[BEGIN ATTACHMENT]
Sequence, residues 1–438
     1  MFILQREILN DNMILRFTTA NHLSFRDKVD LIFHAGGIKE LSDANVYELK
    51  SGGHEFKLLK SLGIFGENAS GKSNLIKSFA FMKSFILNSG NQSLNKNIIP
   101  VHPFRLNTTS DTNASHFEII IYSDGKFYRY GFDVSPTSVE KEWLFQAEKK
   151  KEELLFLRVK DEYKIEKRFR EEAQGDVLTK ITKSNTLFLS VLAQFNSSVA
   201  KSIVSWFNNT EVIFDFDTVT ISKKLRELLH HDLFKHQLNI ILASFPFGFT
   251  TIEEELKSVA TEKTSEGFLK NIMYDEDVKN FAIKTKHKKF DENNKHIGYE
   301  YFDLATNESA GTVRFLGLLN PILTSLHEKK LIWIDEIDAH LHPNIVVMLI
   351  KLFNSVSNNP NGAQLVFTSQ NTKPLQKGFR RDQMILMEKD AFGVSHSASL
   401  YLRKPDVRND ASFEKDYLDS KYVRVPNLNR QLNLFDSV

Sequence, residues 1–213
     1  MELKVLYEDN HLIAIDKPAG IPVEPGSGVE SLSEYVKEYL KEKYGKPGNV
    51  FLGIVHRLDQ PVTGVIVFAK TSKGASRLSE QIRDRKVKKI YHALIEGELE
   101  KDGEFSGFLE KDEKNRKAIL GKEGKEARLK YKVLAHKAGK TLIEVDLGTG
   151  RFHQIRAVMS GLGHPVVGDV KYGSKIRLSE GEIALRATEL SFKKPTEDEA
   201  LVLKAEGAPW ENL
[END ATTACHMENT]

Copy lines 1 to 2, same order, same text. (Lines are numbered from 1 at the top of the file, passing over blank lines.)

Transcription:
Sequence, residues 1–438
     1  MFILQREILN DNMILRFTTA NHLSFRDKVD LIFHAGGIKE LSDANVYELK